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Summary for 602 N 48TH ST N / Parcel ID 9521100365 / Inv # 0

Historic Name: Ira T. Wolfe House Common Name:
Style: Arts & Crafts - Craftsman Neighborhood: Fremont
Built By: Year Built: 1913
This house is a generally well-preserved example of a popular Craftsman Bungalow plan type that was commonly constructed in Seattle during this era. It is the best preserved of three similar houses (the others are at 606 & 610 N. 48th St. - the house at 610 is the exact same house plan/design) constructed on this half block. It is located in the Woodland Addition to Salmon Bay City, which was plated by Robert D. McFadden in February 1887 and was one of the earliest platted and developed residential areas in Fremont and was constructed in 1913 during a period of intense historic residential development in the district. The original building permit (#125705) was issued on August 8, 1913 to I.T. Wolfe for the construction of a ‘res 24 x 42 1-1/2 story’ estimated to cost $1,850. I.T. Wolfe was identified as the owner, builder and architect for the project; however, the plan and design of the house appears to have been from an architectural planbook source. Ira T. Wolfe was identified in the 1910 U.S. census as residing at a home he owned at 105 W. 75th St (now NW 75th St) with his wife Emma. The 1909 Polk’s Seattle City Directory and the 1910 U.S. Census indicate that he worked as an inspector for the City Engineering Dept./Street Works. By 1911, he appears to have become involved in residential real estate development. Given the distinct similarities in design, it is assumed that he was involved in the development of at least two similar houses on this half block. An article in the Seattle Daily Bulletin (published Nov. 5, 1913) indicated that he had recently designed/developed a residence in the Phinney Ridge neighborhood. It is unclear whether Mr. and Mrs. Wolfe resided at the subject residence after it was completed; it appears possible that they resided there until c.1918, when the property was purchased by Frederick and May Shattuck. By 1920, Wolfe was identified in the U.S. Census as residing at 5231 11th Avenue NE and working as an architect designing apartment houses. However, no known apartment houses in Seattle have been identified or credited to him. The 1920 Polk’s Seattle City Directory indicates that Wolfe was a partner in Valmore Manufacturing Co. (makers of toys and furniture). Frederick B. and May Shattuck purchased the house on 7-26-1918. Mr. Shattuck was a machinist for a freight company and they appear to have resided here until c.1922 or longer. The property appears to have remained in the ownership of the Mr. & Mrs. Shattuck and/or family members until c.1966. King County property tax records indicate that the house was remodeled in 1927, possibly finishing the attic area. By 1952, the exterior was clad with asphalt ‘Brick-tex’ type siding that has now been removed.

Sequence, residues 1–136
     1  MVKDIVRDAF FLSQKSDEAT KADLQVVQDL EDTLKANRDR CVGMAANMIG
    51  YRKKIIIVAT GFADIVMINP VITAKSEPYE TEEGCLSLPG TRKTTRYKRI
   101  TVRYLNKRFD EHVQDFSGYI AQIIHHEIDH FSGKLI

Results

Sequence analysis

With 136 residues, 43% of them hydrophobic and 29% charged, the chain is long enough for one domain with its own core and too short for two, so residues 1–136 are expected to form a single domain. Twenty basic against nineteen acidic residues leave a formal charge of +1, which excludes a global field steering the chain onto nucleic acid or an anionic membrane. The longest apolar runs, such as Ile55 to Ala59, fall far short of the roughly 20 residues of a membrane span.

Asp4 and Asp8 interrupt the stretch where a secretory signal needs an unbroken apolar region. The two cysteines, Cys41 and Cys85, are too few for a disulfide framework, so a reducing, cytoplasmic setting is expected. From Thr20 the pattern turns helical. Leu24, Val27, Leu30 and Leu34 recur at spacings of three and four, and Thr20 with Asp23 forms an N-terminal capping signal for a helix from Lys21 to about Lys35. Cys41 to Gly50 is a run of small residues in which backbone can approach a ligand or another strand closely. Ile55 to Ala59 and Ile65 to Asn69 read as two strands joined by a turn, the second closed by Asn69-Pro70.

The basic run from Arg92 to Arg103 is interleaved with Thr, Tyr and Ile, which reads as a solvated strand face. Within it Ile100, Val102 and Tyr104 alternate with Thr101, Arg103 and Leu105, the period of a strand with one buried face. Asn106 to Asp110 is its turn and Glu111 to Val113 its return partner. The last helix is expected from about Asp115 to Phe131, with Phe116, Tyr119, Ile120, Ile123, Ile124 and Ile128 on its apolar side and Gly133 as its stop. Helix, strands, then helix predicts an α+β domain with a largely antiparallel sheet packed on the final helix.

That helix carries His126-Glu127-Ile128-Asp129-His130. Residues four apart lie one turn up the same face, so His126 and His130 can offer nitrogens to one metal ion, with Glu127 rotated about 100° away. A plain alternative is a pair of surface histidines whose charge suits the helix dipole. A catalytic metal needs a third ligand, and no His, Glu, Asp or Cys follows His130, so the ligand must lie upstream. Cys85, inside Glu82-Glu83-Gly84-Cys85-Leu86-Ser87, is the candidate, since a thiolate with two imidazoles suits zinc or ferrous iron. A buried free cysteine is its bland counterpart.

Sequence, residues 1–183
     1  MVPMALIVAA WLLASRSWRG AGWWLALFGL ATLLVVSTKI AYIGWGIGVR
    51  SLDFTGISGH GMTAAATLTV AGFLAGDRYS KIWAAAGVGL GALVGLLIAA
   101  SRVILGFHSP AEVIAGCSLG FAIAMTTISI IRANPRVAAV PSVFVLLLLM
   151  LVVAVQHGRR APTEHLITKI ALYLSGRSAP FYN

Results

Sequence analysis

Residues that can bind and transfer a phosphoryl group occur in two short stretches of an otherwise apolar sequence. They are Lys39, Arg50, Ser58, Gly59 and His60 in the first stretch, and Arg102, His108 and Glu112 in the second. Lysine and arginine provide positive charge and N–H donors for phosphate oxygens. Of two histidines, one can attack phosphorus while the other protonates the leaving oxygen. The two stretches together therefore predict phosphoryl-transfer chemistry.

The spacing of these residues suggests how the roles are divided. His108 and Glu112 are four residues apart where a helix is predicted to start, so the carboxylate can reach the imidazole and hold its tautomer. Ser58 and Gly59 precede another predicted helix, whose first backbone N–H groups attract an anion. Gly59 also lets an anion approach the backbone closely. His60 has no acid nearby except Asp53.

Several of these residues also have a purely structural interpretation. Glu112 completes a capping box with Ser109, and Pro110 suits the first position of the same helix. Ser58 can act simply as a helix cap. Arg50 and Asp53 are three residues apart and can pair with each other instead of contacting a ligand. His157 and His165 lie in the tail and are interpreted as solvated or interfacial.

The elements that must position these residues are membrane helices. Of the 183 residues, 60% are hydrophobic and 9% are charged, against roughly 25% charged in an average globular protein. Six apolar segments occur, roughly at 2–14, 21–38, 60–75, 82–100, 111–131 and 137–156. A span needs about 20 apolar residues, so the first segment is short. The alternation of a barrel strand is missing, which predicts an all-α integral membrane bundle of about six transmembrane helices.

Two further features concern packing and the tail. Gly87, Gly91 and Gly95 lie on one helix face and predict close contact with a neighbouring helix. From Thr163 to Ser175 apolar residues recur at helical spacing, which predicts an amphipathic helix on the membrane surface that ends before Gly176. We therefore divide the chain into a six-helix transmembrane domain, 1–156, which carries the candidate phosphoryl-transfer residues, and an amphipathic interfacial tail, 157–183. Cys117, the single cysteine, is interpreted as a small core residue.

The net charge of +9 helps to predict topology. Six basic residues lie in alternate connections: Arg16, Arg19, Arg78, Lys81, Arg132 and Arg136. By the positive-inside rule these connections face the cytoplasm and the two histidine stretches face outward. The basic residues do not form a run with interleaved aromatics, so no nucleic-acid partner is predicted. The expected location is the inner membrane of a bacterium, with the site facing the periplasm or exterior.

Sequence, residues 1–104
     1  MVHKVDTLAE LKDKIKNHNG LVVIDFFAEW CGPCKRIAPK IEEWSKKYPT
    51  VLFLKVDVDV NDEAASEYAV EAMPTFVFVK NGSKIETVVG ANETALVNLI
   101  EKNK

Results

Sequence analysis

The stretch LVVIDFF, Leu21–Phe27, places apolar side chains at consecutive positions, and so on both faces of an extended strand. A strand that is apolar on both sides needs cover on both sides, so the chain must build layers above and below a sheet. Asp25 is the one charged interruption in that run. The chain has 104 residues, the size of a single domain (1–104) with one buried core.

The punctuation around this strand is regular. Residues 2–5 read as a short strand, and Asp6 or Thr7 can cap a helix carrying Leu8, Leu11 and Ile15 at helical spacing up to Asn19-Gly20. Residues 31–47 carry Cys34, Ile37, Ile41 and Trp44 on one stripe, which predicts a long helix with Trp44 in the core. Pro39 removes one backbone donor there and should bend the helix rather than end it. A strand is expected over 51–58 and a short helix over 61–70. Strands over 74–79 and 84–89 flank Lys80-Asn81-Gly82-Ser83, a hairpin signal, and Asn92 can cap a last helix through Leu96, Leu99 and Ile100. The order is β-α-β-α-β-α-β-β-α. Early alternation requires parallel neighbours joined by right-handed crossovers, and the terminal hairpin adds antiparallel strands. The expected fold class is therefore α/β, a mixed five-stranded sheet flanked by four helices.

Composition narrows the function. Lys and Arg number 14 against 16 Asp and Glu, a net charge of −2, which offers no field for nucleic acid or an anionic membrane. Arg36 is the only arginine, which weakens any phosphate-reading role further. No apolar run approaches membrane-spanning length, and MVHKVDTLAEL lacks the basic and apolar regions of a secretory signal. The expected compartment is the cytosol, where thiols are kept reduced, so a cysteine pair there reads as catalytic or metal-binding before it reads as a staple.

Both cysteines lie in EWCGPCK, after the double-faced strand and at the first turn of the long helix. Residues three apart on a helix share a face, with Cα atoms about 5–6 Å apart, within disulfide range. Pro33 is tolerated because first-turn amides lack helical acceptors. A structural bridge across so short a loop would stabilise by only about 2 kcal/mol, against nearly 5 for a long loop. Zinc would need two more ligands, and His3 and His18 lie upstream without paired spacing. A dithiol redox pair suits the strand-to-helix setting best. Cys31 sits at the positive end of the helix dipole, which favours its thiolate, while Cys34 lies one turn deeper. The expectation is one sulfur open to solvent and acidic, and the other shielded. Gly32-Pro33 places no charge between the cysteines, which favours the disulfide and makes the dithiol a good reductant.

Located at the NE corner of the intersection of N. 48th St. and Evanston Ave. N with front elevation oriented to the south. Very well-preserved, one story, wood-frame, single-family residence constructed in 1913. There may be a small habitable attic area. Exhibits distinctive Craftsman Bungalow style design elements/features. Front gable building form w/ prominent cutaway and projecting porch and corner bay window at facade. Measures approx. 29’ x 47’ with concrete foundation and basement level. Small shed dormer at west elevation. Prominent 6’ x 8’ porch at east side of façade with projecting front gable roof, elaborate support posts composed of three wood posts with cross members resting on brick and river rock piers. River rock and brick porch rail and stair cheeks. River rock and brick chimney at west elevation. Prominent square corner bay window at west side of façade with projecting front gable roof and bracketed base. Craftsman style design elements/features include: low pitched roof forms; porch and bay window features; river rock and brick features; variegated cladding (narrow horizontal cedar siding, cedar shingles); multiple kneebraces at main roof, porch and bay window; wide elaborately decorated (cut out) barge boards at all gable ends and wide eaves and roof overhangs. Original cottage windows at corner bay with unusual multi-pane pattern upper sash member; front window sidelights and attic level/gable end windows have been replaced with non-historic fabric. Most of the other windows appear to be original or matching wooden product.

Detail for 602 N 48TH ST N / Parcel ID 9521100365 / Inv # 0

Status: Yes - Inventory
Classication: Building District Status:
Cladding(s): Brick - Clinker, Shingle, Stone - River Rock, Wood - Clapboard Foundation(s): Concrete - Poured
Roof Type(s): Gable Roof Material(s): Asphalt/Composition-Shingle
Building Type: Domestic - Single Family Plan: Rectangular
Structural System: Balloon Frame/Platform Frame No. of Stories: one
Unit Theme(s): Architecture/Landscape Architecture
Changes to Plan: Intact
Changes to Windows: Intact
Changes to Original Cladding: Intact
Changes to Interior: Unknown
Major Bibliographic References
U.S. Census Records (1880-1920)
King County Property Record Card (c. 1938-1972), Washington State Archives.
Architects file cards, Seattle Department of Neighborhood, Historic Preservation Program.
City of Seattle DPD Microfilm Records.
Polk's Seattle Directories, 1910-1940.

Photo collection for 602 N 48TH ST N / Parcel ID 9521100365 / Inv # 0

Photo taken Mar 13, 2009

Photo taken Mar 13, 2009
App v2.0.1.0